Eating Disorders in Older Women : Deadly, Misunderstood and Underestimated : Part Two

The Stigma of Mental Illness

Striving to look younger and thinner is seen as a worthwhile goal in our society. Women who try to achieve that goal through unhealthy means continue to hide the problem from themselves and from others.  One of the reasons may be that eating disorders are classified as a mental illness and there is a stigma associated with having this disease.

In a study undertaken in the UK by Crisp (2005) he found that over 30% of the respondents thought people with eating disorders could pull themselves together, have only themselves to blame, are different to the general population and are hard to talk to. In contrast to schizophrenia and severe depression patients, eating disorder sufferers are viewed by some members of the population as responsible for creating their own disease.

Percentage of General Population Agreeing with Statements by Disorder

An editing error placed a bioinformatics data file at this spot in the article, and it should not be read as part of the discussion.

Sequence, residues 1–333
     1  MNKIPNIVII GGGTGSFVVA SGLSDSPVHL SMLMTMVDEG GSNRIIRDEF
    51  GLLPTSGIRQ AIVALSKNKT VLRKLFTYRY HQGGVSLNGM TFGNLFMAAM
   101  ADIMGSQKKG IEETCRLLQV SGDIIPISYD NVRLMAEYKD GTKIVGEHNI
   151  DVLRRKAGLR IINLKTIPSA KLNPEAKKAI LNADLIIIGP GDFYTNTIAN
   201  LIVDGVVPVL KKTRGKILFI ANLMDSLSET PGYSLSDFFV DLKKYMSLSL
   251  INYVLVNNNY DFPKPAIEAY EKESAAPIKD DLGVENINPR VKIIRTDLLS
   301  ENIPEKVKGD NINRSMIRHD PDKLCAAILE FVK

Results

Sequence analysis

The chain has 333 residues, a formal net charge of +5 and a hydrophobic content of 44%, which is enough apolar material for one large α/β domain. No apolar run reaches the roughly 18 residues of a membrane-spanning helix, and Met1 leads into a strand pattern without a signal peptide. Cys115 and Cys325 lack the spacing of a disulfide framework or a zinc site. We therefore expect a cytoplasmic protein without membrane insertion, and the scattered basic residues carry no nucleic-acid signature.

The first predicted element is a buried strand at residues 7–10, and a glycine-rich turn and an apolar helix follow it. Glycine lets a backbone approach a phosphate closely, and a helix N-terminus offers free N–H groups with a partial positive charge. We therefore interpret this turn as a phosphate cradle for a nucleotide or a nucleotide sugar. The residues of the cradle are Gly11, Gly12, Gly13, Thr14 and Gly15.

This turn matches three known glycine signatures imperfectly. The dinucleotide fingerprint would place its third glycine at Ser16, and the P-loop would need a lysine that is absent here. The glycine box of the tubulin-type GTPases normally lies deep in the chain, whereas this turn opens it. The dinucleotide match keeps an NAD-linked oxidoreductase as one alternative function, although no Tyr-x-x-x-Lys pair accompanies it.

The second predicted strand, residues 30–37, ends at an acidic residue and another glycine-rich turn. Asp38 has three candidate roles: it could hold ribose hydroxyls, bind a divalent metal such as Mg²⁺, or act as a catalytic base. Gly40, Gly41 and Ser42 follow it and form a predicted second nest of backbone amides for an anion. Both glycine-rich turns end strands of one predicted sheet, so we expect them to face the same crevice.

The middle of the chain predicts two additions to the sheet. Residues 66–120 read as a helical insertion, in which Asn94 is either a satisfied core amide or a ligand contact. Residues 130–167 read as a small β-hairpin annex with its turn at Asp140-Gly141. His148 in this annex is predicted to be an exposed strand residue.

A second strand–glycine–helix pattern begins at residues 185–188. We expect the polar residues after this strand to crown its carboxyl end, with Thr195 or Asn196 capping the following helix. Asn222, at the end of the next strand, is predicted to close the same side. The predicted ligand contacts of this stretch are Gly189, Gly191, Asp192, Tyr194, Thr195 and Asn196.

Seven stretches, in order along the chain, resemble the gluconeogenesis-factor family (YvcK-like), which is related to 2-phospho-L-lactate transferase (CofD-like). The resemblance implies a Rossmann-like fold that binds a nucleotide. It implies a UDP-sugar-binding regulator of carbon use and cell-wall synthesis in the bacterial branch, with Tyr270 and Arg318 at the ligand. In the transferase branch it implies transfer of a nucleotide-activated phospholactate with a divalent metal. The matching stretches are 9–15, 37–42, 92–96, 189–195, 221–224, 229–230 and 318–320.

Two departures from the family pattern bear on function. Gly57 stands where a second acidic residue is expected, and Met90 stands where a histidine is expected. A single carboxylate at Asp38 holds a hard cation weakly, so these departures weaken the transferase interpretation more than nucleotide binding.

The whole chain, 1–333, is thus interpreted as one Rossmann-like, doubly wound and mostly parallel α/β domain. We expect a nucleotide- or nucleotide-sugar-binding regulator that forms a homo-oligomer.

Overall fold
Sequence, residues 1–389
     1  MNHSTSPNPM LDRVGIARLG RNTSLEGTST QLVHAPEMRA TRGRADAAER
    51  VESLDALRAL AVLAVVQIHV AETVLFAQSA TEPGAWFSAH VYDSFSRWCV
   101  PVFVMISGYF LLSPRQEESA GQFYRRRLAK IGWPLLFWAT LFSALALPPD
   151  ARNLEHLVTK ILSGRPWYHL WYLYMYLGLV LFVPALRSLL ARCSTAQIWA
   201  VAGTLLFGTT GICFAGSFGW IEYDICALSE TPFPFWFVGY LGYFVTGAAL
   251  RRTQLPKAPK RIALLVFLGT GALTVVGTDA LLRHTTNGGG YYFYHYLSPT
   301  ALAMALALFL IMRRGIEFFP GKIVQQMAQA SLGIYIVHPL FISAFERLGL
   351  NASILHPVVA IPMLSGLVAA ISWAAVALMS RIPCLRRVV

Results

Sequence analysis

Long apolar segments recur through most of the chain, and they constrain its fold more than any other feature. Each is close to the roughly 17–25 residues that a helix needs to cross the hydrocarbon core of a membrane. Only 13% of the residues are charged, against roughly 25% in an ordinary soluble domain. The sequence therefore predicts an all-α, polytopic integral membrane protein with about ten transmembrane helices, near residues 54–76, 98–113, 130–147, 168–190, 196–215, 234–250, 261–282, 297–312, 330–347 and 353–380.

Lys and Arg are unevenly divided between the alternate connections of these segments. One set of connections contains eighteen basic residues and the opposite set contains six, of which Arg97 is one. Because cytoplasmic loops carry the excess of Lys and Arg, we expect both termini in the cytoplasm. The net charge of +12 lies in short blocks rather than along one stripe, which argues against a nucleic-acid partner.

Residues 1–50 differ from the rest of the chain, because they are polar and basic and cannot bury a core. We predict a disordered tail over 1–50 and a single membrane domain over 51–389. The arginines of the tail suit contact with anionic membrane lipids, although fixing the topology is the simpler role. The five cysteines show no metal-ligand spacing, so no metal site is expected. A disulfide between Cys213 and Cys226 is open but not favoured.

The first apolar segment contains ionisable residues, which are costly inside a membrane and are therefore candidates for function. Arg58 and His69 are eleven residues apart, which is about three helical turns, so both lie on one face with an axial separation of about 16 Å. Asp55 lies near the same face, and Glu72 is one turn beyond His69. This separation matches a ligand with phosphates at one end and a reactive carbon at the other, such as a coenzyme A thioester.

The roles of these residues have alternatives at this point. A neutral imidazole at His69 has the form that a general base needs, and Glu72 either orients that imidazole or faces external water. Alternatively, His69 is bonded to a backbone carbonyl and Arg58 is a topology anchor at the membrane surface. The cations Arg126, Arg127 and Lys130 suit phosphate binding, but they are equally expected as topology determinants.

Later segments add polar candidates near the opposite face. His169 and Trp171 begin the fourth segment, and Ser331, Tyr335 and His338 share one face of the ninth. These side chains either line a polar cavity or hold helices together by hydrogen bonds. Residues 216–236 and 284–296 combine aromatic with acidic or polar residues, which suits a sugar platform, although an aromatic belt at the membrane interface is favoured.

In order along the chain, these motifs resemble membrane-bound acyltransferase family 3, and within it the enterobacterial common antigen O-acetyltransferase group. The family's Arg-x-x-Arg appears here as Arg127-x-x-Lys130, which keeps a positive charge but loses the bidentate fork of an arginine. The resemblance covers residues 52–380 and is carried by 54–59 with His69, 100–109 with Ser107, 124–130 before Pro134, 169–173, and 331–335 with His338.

The NEDC says “Eating Disorders are often poorly understood and underestimated in contemporary society. There are mistaken beliefs that Eating Disorders are about vanity, a dieting attempt gone wrong, an illness of choice, a cry for attention or a person ‘going through a phase’. Eating Disorders are also frequently believed to affect only adolescent girls.”

Sports and Eating Disorders

One of the most fertile breeding grounds for eating disorders is the field of sports. “Establishing the true prevalence of eating disorders is very difficult due to the secretive nature of the illness. Using strict criteria for anorexia and Eating Disorders in Sportsbulimia, prevalence rates among athletes are about 3% and 20% respectively. When the definition of eating disorders is expanded to include all disordered eating behaviours, the prevalence rates increase to 15 – 60% depending on the study and the sport,” explains Sports Dieticians Australia.

The highest incidence of eating disorders is in sports that celebrate leanness – gymnastics, figure skating, ballet dancing, distance running and bodybuilding.

After Simone suffered an injury from running six days a week she decided to try bodybuilding as way to control her weight and achieve the physical perfection she always dreamed about. But instead of being a healthy sporting pursuit, it fed her obsession. She says, “Preparing for and competing in a body building competition brought all of its own challenges making my eating disorder worse than ever. In my opinion the industry is certainly harsh and punishing and I fear the longer term consequences of the body building diets that are advocated (no fruit, no dairy, very little whole grains etc.)”